Friday, 11 March 2011
Graveminder: Sneek Peek
Rebekkah Barrow never forgot the tender attention her grandmother, Maylene, bestowed upon the dead of Claysville, the town where Bek spent her adolescence. There wasn’t a funeral that Maylene didn’t attend, and at each Rebekkah watched as Maylene performed the same unusual ritual: three sips from a small silver flask followed by the words “Sleep well, and stay where I put you.”
Now Maylene is dead and Bek must go back to the place—and the man—she left a decade ago. But what she soon discovers is that Maylene was murdered and that there was good reason for her odd traditions. It turns out that in placid Claysville, the worlds of the living and the dead are dangerously connected. Beneath the town lies a shadowy, lawless land ruled by the enigmatic Charles, aka Mr. D—a place from which the dead will return if their graves are not properly minded. Only the Graveminder, a Barrow woman, and the current Undertaker, Byron, can set things to right once the dead begin to walk.
Maylene put one hand atop the stone for support; pulling herself up from the soil got harder every year. Her knees had been problem enough, but of late the arthritis had started settling in her hips. She brushed the soil from her hands and from her skirt and pulled a small bottle from her pocket. Carefully avoiding the green shoots of the tulip bulbs she’d planted, Maylene tilted the bottle over the earth.
“Here you go, dear,” she whispered. “It’s not the shine we used to sip, but it’s what I have to share.”
She stroked the top of the stone. No grass clippings had collected there; no spiders’ silk stretched from the top. She was careful of the smallest detail.
“Do you remember those days? Back porch, sunshine, and mason jars”—she paused at the remembered sweetness—“we were so foolish then … thinking there was a big ol’ world out there to conquer.”
Pete, for his part, wasn’t likely to reply: those who were properly buried and minded didn’t speak.
She made the rest of her rounds through Sweet Rest Cemetery, stopping to clean debris from stones, pour a bit of drink onto the ground, and say her words. Sweet Rest was the last of the cemeteries on the week’s schedule, but she didn’t shortchange the residents.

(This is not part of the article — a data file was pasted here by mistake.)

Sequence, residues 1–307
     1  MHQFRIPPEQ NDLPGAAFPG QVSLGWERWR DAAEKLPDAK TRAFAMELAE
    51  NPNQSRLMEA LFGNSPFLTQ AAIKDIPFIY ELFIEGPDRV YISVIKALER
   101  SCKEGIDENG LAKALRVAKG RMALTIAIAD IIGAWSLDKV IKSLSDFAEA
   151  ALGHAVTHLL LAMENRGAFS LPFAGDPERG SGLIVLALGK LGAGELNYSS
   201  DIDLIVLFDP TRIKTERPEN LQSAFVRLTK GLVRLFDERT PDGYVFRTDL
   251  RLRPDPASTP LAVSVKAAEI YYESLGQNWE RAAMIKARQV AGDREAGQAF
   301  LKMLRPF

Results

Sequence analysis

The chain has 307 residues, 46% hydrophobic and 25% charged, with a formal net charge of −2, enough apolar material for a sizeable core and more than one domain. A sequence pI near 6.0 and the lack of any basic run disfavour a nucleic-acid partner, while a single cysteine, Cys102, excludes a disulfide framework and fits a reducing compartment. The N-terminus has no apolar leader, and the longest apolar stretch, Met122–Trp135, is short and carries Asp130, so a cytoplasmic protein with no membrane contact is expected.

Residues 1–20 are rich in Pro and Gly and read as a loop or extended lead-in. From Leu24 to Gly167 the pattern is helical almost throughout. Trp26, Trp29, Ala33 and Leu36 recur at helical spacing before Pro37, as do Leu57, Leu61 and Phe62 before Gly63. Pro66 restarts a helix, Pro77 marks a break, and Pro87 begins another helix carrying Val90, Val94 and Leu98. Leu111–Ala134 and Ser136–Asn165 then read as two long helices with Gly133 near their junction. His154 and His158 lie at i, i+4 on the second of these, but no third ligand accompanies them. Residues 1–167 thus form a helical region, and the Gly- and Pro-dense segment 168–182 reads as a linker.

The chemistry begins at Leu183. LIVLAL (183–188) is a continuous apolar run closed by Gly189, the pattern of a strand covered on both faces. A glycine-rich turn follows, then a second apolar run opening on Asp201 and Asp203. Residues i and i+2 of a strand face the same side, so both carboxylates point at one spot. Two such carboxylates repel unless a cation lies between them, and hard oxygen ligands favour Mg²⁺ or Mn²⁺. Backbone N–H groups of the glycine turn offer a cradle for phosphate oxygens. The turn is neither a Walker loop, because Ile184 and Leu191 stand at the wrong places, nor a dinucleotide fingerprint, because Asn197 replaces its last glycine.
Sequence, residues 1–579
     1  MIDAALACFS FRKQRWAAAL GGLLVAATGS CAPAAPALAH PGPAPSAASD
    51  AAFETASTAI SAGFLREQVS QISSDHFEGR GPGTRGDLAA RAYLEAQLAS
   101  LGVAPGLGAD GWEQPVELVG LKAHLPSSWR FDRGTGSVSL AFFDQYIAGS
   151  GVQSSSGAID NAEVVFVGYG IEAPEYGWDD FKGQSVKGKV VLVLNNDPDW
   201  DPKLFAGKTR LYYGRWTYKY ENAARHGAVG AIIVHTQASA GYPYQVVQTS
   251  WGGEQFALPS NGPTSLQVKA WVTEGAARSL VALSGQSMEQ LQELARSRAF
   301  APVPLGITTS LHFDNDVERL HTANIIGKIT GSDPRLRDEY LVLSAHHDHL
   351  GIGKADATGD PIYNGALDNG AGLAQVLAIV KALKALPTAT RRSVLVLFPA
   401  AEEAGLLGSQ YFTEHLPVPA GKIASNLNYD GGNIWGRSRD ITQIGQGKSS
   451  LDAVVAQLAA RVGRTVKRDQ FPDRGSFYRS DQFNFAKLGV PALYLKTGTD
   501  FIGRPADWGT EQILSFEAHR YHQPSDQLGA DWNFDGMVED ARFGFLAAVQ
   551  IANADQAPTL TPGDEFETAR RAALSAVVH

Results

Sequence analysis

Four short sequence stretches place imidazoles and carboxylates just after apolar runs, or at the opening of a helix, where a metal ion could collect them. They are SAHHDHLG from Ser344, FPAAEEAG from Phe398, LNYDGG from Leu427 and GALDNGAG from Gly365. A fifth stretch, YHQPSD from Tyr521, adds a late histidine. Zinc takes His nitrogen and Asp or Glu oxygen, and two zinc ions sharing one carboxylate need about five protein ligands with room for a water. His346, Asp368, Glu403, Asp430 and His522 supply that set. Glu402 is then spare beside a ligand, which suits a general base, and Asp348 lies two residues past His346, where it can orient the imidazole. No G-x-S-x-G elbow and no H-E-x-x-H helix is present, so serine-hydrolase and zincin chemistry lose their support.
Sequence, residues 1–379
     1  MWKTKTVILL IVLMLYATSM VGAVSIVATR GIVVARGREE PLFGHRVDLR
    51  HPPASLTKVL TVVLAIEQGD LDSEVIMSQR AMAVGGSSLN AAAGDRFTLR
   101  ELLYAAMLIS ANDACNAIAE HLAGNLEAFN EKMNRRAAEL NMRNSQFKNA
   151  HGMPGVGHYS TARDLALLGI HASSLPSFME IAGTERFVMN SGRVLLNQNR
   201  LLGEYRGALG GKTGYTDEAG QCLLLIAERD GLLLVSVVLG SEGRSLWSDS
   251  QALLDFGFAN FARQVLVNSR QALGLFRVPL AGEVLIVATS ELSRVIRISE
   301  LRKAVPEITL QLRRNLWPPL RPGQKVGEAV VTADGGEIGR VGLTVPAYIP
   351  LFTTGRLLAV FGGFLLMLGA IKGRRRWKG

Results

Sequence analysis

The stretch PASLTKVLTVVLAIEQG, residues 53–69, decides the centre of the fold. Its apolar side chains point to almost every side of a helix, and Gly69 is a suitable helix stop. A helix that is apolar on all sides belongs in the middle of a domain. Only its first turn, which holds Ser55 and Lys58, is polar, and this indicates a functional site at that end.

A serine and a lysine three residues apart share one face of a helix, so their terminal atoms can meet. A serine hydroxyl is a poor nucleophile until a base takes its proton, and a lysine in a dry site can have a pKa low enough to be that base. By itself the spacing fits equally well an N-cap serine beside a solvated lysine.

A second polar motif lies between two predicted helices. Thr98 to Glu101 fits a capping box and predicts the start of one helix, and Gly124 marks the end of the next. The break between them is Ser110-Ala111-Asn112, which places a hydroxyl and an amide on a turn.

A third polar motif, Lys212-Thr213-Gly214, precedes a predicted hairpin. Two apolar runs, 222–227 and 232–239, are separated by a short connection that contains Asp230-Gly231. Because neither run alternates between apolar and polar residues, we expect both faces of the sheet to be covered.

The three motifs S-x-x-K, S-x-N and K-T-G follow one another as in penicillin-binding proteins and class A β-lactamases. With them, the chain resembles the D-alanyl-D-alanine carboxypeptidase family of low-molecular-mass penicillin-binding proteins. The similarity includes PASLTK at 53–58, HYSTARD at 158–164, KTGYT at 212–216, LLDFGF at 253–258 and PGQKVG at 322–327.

For a small town, Claysville had a high number of graveyards and cemeteries. By law, everyone ever born within town limits had to be buried here; consequently, the town had more deceased residents than living ones. Maylene wondered sometimes what would happen if the living knew of the bargain the town founders had made, but every time she’d broached the topic with Charles, she’d been rebuffed. Some battles weren’t ones she could win—no matter how much she wanted them.
Or how much damn sense they make.
She glanced at the darkening sky. It was past time to be back home. She did her duty well enough that there hadn’t been visitors in almost a full decade, but she still went home by sundown. A lifetime of habit didn’t wane even when it seemed like it should.
Maylene had only just tucked her flask into her front dress pocket when she saw the girl. She was too thin, concave stomach showing under her ripped T-shirt. Her feet were bare, and her jeans had holes in the knees. A smudge of dirt outlined her left cheek like badly applied rouge. Eyeliner was smudged under her eyes like she’d fallen asleep with her makeup still on. The girl walked through the well-manicured cemetery, not staying on the paths, but crossing through the grass until she stood in front of one of the older family mausoleums beside Maylene.
“I wasn’t expecting you,” Maylene murmured.